For a seamless electronic B2B process, identity information maintained by one ecosystem must be used to drive the process in another ecosystem. Existing solutions are often manual and error-prone or quite costly. In any case, they do not scale, i.e. when another company joins, you often start again at the beginning. For smaller companies, the effort for an individual B2B solution is usually much too high and therefore they stick to the “minimal B2B solution”.

What is missing is a generic solution, based on contracts (business relationships), with which identity information can be transferred easily, automatically and without media discontinuity from one company to a second. With the information, which can include identification details, details on communication options (such as e-mail, telephone), billing information and authorisations, the business processes are parameterised and thus individually adapted. Ideally, these individual parameters only need to be temporarily stored – during the execution of the process – and can be destroyed afterwards (data economy).

IdentityBrIDge project

In project IdentityBrIDge researchers from the IDAS Institute at BFH Technik & Informatik are working on a solution to the problem of exchanging identity information. The basis is the user-centred linking of electronic verifications (VCs), which is known from Self-Sovereign Identities (SSI). IdentityBrIDge is intended to guarantee information security as well as traceability, non-repudiation and auditability in the regulation-compliant handling of business processes. Through the creation of standards, interoperability between companies is to be increased, making connectivity economically feasible even for small and medium-sized enterprises. Thus, IdentityBrIDge has the potential to have a long-term social impact by enabling new digital business processes and business models.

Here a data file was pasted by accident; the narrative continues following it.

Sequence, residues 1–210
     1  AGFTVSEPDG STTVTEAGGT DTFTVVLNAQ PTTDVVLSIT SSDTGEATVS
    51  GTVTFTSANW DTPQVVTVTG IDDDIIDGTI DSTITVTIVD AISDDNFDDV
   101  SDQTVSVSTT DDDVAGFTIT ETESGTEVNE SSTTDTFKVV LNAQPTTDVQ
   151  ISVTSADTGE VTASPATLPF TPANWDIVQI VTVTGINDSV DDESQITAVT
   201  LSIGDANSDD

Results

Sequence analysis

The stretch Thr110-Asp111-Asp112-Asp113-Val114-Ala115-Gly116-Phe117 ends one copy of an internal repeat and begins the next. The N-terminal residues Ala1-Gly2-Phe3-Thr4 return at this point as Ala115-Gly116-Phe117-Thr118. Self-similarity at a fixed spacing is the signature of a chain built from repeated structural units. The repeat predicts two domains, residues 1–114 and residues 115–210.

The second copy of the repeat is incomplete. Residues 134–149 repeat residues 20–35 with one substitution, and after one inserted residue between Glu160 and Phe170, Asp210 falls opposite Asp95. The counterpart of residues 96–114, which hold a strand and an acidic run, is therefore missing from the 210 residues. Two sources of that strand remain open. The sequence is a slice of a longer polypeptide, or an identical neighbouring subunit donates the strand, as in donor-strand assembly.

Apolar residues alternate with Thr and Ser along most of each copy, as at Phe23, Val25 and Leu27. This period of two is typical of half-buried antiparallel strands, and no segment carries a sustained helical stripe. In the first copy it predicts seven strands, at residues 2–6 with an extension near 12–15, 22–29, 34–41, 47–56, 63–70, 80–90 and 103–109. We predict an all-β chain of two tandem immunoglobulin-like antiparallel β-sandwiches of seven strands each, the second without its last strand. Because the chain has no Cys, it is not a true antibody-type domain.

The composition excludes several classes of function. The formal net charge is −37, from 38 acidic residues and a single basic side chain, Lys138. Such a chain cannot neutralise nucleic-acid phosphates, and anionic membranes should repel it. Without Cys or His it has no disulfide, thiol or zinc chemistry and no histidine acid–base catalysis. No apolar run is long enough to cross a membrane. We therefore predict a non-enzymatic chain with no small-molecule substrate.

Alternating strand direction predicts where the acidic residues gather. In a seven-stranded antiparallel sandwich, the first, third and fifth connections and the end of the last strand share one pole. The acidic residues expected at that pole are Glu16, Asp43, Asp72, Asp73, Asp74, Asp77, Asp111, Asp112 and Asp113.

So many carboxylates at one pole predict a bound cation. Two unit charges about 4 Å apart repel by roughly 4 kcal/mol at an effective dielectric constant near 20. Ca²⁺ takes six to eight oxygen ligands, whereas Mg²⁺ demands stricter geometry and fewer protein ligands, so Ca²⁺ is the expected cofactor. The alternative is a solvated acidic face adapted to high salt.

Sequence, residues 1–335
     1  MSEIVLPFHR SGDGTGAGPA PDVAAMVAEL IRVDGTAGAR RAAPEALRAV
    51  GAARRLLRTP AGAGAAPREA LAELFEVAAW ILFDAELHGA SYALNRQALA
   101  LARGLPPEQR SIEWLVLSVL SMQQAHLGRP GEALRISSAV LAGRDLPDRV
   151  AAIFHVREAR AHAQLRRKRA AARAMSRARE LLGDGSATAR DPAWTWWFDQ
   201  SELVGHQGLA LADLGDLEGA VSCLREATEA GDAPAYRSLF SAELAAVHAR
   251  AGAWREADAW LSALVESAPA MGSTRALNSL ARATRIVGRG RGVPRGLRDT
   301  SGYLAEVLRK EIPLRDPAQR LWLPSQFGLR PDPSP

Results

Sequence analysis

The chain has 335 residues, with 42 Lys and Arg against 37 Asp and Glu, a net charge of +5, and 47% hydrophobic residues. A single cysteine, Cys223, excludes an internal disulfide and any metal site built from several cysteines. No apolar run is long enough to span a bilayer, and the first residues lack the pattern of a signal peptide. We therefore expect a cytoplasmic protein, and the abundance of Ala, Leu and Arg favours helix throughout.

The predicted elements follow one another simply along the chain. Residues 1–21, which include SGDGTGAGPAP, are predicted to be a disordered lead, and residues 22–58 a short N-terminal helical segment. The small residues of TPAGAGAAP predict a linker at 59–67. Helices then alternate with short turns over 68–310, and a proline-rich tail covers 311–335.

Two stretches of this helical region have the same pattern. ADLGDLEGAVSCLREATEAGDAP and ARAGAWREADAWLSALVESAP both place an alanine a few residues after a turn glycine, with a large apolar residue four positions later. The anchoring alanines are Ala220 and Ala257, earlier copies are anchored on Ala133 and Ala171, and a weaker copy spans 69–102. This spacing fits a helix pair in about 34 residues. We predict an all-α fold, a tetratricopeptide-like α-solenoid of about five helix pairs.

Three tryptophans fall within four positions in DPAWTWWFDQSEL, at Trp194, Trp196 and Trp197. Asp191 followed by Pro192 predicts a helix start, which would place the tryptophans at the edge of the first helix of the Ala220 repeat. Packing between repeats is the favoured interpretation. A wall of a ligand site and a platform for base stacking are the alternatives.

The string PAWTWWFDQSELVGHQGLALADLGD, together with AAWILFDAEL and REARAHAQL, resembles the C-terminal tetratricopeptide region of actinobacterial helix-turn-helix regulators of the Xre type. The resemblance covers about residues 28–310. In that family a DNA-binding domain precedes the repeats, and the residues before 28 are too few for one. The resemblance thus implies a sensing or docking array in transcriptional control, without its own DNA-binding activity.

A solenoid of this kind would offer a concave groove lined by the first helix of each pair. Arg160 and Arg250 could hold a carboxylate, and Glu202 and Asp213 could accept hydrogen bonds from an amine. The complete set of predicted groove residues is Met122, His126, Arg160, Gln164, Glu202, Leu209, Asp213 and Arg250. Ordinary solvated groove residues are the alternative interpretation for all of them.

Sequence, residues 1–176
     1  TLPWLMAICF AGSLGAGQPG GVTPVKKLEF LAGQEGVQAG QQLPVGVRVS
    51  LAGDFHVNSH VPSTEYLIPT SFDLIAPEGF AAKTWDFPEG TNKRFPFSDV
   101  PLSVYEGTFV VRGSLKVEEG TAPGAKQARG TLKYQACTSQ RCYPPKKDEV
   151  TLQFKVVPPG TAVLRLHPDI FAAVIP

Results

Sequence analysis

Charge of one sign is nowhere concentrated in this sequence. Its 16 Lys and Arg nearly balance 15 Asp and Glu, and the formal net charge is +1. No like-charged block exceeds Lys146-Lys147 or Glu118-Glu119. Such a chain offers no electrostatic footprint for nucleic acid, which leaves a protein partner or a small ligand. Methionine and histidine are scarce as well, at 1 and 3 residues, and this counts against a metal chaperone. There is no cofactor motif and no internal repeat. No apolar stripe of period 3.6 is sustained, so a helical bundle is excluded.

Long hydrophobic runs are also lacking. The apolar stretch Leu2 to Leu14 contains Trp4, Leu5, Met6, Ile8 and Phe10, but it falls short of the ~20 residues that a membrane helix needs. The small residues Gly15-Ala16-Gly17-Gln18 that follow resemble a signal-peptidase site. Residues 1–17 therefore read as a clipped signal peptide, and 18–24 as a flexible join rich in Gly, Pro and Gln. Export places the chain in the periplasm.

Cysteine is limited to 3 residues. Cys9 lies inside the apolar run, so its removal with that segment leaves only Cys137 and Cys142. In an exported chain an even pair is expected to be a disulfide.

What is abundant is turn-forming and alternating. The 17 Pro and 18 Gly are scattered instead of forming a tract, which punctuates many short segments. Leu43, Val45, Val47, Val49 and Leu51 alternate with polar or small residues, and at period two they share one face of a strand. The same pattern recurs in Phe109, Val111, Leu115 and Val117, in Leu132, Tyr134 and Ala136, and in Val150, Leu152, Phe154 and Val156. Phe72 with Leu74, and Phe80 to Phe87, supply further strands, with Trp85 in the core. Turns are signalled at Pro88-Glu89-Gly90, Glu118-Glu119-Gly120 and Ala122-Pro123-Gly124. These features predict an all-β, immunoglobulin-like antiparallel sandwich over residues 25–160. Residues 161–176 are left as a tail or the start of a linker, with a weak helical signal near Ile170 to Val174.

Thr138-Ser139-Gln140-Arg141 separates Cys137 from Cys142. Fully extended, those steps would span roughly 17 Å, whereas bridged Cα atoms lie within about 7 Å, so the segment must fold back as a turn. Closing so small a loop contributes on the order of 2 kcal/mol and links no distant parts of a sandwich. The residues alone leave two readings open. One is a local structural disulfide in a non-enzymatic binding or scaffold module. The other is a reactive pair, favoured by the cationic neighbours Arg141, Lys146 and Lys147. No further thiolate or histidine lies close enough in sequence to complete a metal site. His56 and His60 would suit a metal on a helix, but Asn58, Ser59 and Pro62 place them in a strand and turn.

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AUTHOR: Annett Laube

Annett Laube is a lecturer in computer science at BFH Technik & Informatik and heads the Institute for Data Applications and Security (IDAS). She has technical responsibility for the science magazine SocietyByte, in particular for the focus on Digital Identity, Privacy & Cybersecurity.

AUTHOR: Michael Gerber

Michael Gerber is a senior system architect at SBB. As a technical specialist, he is a member of the Identity and Access Management expert group of the standardisation organisation eCH. E-ID and thus also SSI technologies are of particular interest to SBB. The company is already involved in initial pilot projects with SSI.